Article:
double espresso...short, but with an added kick!
Helena peaked out the window from behind the curtains, anxiety a knot in the pit of her stomach. The beam of the solitary street lamp showed nothing aside from the neighbour's cat licking its arse on the hood of a parked car. She swallowed, the motion painful in her suddenly dry throat. She threw a glance at the clock on the wall and began to pace nervously, up and down, up and down. Where was he? He should have been there ten minutes ago and her husband, Greg, was due home in the next fifteen. Even if he arrived now she'd have to bundle him into the back yard and through the kitchen door. She simply couldn't risk Greg seeing him. The truth would destroy the foundation of trust their fifteen years of marriage had been built upon. Well, initially anyway.
Another glance at the clock. Two minutes had passed. Helena could feel the heat rising in her face, no doubt colouring her cheeks in spatters of pink. This always happened when she was angry, scared or frustrated. Or all three, as she was now. She needed this, though. This...this bit on the side. This release. It was the only thing that kept her sane in the humdrum of the everyday life she shared with Greg.
Was that the purr of an engine? She raced to the front door, yanking it open before the car had even come to a stop outside the house. The engine cut out and the driver's door opened. The man who emerged had guilt scrawled upon his face. He knew – goddamn it, he knew – how important punctuality was, especially tonight, a Friday night, when Greg might have left work early. He mouthed “Sorry!” as he jogged up the drive, his bag bouncing against his hip with the movement.
Helena opened her mouth to speak, to tell him to shut up and quit wasting more time...but before the words could pass her lips, there was a flash of headlights as another car came rolling up the street. No, she shook her head, backing up towards the house. No!
His car, a beat up old thing that had barely passed its MOT, came to a halt in the middle of the street. With its engine still running and headlights still beaming, the door creaked open and Greg, almost as creaky himself, hoisted himself upwards and out of his seat. The look on his face said it all. He knew. There was no lying her way out of this. They'd been discovered. There'd be no more secret rendezvous. There'd be no more bi-weekly fifteen minutes of illicit pleasure.
“Helena?” said Greg, his tone scorched by disbelief, “What is this? What are you doing? I knew something wasn't right between us but...but I never imagined this!”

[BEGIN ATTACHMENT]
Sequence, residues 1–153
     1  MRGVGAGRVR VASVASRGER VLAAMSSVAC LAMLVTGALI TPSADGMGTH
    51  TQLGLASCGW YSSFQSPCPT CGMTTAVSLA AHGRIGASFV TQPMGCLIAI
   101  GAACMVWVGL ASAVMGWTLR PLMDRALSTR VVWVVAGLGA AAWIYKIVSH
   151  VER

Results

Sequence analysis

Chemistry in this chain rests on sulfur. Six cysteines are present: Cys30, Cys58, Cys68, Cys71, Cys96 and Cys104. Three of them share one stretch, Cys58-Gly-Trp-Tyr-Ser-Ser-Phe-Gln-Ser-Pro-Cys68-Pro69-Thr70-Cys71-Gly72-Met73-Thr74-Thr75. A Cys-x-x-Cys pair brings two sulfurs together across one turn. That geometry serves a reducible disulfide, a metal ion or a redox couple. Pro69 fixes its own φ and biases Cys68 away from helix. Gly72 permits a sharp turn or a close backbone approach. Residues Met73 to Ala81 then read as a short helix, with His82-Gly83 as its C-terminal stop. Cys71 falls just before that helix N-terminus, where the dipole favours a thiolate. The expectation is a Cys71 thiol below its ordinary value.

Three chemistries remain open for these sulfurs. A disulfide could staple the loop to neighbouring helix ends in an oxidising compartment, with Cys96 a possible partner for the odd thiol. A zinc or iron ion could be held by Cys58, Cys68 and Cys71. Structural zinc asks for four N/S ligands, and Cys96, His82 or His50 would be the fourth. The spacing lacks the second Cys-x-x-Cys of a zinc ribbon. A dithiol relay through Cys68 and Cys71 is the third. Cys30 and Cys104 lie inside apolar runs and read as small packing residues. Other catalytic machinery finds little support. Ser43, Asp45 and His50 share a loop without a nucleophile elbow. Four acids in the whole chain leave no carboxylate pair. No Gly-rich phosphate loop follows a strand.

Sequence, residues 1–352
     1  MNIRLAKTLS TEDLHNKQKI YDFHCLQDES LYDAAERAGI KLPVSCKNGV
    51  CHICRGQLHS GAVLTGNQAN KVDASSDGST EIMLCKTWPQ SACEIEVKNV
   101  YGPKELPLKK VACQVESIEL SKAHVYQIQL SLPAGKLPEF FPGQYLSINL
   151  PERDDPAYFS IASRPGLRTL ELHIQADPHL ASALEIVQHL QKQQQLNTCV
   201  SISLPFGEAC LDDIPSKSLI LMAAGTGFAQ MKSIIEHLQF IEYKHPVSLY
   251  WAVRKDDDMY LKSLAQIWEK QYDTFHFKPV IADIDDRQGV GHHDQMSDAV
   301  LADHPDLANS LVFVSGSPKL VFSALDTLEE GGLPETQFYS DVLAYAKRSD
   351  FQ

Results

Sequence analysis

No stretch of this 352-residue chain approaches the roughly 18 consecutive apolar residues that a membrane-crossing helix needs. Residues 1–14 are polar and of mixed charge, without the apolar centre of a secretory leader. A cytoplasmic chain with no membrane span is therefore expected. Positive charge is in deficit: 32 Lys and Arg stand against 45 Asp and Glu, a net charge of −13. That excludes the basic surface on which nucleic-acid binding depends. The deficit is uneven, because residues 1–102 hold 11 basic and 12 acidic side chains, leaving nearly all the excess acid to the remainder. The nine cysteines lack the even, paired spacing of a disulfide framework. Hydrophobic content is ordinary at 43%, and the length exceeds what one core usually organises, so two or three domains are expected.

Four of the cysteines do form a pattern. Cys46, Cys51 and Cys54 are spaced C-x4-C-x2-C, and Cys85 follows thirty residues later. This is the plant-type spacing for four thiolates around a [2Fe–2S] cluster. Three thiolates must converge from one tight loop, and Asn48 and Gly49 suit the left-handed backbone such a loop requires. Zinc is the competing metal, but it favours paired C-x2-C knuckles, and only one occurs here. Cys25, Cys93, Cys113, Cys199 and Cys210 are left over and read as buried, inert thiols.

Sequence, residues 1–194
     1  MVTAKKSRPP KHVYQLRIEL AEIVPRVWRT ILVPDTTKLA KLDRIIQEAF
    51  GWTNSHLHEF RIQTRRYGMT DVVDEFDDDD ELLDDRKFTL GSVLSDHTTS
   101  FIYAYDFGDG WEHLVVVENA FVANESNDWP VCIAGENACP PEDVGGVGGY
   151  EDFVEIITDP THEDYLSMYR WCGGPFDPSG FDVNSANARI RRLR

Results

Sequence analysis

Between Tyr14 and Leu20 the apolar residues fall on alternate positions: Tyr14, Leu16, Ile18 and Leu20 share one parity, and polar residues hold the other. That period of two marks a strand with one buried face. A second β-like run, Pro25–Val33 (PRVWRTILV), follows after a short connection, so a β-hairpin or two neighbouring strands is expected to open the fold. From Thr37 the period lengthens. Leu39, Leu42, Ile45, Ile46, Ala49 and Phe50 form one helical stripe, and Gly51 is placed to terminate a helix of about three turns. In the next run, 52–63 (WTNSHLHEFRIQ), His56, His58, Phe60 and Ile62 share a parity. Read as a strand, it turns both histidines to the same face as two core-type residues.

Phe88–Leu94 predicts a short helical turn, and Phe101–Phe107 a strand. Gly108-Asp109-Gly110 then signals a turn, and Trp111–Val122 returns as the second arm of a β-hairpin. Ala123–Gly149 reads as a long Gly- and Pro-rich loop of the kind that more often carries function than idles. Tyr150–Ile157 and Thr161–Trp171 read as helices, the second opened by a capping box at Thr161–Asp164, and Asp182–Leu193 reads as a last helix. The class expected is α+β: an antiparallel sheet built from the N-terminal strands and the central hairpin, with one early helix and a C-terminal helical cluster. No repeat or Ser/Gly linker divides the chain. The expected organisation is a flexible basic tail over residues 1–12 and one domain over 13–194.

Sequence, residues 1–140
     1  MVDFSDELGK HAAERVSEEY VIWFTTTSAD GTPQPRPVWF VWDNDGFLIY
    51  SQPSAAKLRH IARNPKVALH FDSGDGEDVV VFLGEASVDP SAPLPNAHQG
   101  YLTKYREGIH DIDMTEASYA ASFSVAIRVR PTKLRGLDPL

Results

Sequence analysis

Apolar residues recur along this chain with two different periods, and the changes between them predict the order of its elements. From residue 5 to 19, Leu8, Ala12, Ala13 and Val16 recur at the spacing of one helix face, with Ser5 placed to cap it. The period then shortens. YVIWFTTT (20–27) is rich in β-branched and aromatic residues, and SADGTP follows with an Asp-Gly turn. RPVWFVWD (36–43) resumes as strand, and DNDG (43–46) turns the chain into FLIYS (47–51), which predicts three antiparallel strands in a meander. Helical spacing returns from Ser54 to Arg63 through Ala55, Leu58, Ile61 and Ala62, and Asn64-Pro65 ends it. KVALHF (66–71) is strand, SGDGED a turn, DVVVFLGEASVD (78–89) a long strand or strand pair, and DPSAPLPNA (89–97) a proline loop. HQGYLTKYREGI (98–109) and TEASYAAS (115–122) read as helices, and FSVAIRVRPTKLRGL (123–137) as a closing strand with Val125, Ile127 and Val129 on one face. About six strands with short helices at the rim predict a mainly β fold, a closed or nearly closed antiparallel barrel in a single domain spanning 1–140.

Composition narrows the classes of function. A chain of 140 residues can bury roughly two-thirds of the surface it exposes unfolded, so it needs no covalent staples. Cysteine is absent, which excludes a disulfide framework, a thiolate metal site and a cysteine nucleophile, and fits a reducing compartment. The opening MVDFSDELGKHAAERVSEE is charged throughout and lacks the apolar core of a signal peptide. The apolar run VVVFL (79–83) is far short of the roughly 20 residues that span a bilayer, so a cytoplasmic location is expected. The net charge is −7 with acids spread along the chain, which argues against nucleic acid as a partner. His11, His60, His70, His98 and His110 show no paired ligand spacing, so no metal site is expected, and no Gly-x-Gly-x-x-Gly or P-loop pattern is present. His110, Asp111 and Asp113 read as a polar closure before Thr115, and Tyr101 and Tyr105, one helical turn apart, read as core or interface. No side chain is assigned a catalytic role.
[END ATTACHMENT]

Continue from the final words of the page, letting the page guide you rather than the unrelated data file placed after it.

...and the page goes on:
She surveyed her husband, a portly, ruddy-faced man who could have graced the cover of GQ when they had first met all those years ago. Guilt gnawed away at her but she couldn't deny her feelings. She glanced up at the comparatively taller, much leaner man before her.
“Just give it to me,” she said, her voice a husky murmur, “Just give it to me dammit.”
“How long, Helena?” Greg cried, barrelling towards them and shoving himself between their bodies, “Weeks, months? Tell me! How could you do this? We were meant to be in this together!”
She gazed into his glistening eyes sadly and raised her hand to cup his cheek. He jerked away with a hiss, as though her almost touch had burnt. She curled the offending hand, using her fist to muffle the anguished cry that erupted from her soul.
“A year!” she sobbed, “A whole year! I needed it. I was weak. I couldn't help myself!”
Greg whirled around and grappled with the man behind him. After a tense few seconds of shouting and slapping, the man's bag fell to the pavement and its contents spilled out for all to see.
“Pizza! Pizza!” Greg shrieked as he stamped upon the offending box furiously, spittle flying from his mouth. The delivery man backed away, his hands raised in surrender.
“Go!” Helena wailed, “Flee while you can!”
He didn't need telling twice as he promptly swivelled and dived head first into his car. The engine roared into life and the squeal of tires upon tarmac announced his departure.
“All this time,” Greg hissed, still kicking at the pizza box, “All this time you've been making me salads and grilled fish and lecturing me about diabetes and you've been munching down secret takeaway pizzas for a year!”
Helena, tears coursing down her cheeks, knelt down and tried to pull the box out from beneath his feet. It was too tortuous to watch. It had cost her a fiver! She wrenched it free, peeling back the lid as Greg raged on. She sighed. Slightly smushed but edible. His boots hadn't infiltrated the cardboard.
She shrieked as the box was pulled from her grasp and watched in horror as Greg began tearing the pizza apart, piece by piece, and shovelling it into his mouth. Stringy cheese coated his face and the sauce, barbecue – her favourite – smeared itself around his lips like a grotesque imitation of lipstick.
Helena stared at her husband, hoping to God that marriage counsellors were as cheap as pizzas.
About the author
Jazz Jackson is a Lincoln-based writer who harbors dreams to become a New York Times bestselling author. In her spare time, Jazz, drinks copious amounts of chai tea and blogs about her favourite subject: books. You can check out her book reviews at http://swooningoverfictionalmen.wordpress.com.
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